Self employment offers several benefits, including allowing you set your own hours, lower transportation expenses and influence your income more directly. Self-employment also offers its own set of challenges--taxes and record keeping. Organizations like the U.S. Small Business Administration and the National Association for the Self-Employed provide support to professionals who seek to start their own company. Understanding the steps required to legally enter self-employment can increase your chances of earning a living working for yourself.
Decide on the type of business that you want to operate (e.g. franchise, independent contractor). Create a name for your business and contact the Internal Revenue Service to receive an Employer Identification Number. Indicate whether your business is a sole proprietorship, joint partnership, general partnership or limited partnership. If you are creating a sole proprietorship, you might be able to use your Social Security number as the EIN. It can take up to two weeks to receive your EIN from the IRS.
Register with your state’s IRS department. If your business requires you to collect sales or/and use tax (e.g. pizza shop, bookstore) you will need to file monthly, quarterly or bi-annual sales and use tax. Each state has different guidelines on when these business taxes are due. Contact your state’s Department of Revenue office and get a list of the specific registration forms you are required to complete to file the taxes.
Secure local and state licenses and permits required to operate your business. For example, if you are operating a restaurant you might need a liquor license or a sign permit to advertise the name of your business outside the building.
Work with your bank and other financial institutions to secure funding for your business. You can also check with the Small Business Administration and the National Association for the Self-Employed to locate low interest loans. Create a business plan before you apply for a business loan as most banks require you to submit a business plan before they will provide you funding. Independent contractors are encouraged to have five to six months of income saved so that they can continue to meet living expenses while they grow their clientele and build revenues.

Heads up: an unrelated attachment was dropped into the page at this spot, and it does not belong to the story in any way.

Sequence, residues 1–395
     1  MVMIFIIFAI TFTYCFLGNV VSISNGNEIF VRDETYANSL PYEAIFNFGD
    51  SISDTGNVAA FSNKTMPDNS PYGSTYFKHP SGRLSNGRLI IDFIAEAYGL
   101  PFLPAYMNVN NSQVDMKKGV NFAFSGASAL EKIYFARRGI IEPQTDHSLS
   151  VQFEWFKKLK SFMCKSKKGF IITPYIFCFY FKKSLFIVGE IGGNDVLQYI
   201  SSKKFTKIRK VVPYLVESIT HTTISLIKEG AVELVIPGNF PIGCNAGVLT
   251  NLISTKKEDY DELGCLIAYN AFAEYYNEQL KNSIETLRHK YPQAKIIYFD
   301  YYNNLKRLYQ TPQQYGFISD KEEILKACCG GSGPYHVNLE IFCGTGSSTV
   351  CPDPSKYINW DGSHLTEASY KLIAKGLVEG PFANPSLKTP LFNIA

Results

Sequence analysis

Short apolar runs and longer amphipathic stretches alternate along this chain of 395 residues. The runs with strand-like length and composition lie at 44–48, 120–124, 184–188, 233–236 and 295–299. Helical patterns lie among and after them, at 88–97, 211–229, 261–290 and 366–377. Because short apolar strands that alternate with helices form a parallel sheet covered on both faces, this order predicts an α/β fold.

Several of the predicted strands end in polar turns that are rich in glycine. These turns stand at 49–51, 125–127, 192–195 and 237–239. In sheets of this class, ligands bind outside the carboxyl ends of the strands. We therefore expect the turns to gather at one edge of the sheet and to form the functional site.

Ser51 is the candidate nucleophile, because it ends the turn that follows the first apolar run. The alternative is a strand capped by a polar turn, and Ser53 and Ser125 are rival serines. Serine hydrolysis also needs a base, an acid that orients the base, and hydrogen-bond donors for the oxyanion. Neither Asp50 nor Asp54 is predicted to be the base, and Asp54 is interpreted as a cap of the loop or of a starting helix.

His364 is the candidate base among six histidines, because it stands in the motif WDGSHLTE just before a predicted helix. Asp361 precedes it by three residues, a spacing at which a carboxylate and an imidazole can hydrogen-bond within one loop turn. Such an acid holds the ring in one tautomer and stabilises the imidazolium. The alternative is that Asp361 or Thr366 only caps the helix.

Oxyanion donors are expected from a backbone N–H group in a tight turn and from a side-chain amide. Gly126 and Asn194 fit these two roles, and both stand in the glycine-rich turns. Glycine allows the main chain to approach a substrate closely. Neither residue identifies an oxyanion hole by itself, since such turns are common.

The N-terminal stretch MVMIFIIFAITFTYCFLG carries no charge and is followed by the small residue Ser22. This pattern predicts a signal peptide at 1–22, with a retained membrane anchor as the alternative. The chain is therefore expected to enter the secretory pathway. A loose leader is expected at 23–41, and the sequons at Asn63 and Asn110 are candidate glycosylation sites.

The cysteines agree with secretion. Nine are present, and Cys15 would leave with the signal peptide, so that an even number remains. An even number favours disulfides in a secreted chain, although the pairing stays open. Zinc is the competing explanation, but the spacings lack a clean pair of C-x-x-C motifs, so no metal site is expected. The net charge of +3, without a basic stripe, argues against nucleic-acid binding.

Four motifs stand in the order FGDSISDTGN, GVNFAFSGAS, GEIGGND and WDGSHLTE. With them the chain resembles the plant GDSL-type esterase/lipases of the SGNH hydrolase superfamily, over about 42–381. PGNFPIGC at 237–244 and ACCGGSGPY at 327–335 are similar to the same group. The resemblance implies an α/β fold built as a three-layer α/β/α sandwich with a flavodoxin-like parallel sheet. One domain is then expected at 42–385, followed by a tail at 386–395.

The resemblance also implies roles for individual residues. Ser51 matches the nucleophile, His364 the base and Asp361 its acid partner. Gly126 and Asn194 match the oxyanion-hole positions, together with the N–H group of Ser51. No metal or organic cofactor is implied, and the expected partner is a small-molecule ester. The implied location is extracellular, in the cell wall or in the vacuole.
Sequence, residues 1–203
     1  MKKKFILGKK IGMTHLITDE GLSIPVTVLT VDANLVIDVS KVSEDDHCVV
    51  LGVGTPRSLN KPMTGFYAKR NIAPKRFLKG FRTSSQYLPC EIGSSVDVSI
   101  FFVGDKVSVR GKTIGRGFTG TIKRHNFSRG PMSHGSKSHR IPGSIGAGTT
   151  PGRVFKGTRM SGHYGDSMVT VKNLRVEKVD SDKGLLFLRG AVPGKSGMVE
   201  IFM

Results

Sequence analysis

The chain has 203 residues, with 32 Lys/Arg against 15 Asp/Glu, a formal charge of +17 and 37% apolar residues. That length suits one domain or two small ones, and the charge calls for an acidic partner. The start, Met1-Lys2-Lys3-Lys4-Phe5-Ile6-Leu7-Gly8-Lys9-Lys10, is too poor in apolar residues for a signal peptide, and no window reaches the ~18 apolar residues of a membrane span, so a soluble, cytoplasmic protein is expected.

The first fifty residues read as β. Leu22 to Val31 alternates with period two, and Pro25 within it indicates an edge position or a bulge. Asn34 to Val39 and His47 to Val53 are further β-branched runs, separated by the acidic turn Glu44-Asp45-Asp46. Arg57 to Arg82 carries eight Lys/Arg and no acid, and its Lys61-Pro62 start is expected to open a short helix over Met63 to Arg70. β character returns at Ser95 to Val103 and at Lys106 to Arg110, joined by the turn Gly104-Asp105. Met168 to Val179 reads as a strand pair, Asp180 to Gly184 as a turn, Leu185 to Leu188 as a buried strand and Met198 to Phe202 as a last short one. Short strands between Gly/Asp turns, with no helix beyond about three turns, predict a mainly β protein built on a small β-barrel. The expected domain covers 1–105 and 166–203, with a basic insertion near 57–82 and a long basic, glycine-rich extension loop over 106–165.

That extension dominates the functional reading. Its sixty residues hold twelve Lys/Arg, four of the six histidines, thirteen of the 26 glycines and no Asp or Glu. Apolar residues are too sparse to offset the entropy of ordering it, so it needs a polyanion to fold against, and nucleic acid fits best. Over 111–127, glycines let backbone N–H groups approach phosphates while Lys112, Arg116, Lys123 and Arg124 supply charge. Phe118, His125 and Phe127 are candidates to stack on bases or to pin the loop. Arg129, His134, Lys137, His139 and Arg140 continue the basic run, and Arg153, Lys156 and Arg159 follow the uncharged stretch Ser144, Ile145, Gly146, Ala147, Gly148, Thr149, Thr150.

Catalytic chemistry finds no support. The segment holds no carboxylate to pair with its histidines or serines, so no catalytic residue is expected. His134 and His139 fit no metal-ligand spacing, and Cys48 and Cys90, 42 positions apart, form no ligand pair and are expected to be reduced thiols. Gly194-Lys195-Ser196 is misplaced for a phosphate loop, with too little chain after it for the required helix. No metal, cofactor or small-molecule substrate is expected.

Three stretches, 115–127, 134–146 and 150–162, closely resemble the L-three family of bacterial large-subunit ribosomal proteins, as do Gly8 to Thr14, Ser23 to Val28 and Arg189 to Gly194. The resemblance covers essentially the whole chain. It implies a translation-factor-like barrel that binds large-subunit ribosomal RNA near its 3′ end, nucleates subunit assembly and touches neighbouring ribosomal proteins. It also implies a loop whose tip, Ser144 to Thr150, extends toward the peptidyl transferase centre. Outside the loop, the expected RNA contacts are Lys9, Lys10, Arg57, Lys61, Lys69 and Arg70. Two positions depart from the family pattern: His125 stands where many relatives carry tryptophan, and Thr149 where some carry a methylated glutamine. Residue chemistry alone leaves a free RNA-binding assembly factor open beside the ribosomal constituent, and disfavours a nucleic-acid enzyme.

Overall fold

Attain business insurance if you are going to be working outside your home or providing services (e.g. massages) or products (e.g. baked goods) to customers. General liability insurance covers the costs of accident, negligence, libel, property damage and slander. Product liability insurance protects you in the event that products you sell cause injury to someone. Professional liability insurance protects you against charges of malpractice, errors and negligence.
Understand federal, state and local tax requirements. Self-employed workers must pay Social Security and Medicare taxes. As of November 2010, the Social Security tax for self-employed workers was 12.4 percent and Medicare taxes were at 2.9 percent. You must complete Form 1040-ES to file quarterly estimated self-employment taxes.
Create a schedule that outlines the days and hours of the week that you will work. This will help you to remain organized and on track financially. Avoid gazing out the window or checking emails for hours a day. Build a home office with desk, chair, computer, printer, stapler, filing cabinets, etc. Keep receipts and other records organized so that you can locate them when you need them.
Market your products and services to prospective customers and clients. Join professional associations and network with other business owners and independent contractors. Attend trade shows and marketing training programs and take steps (e.g. direct mail, blogging on social networks, radio interviews) to grow your bottom line.
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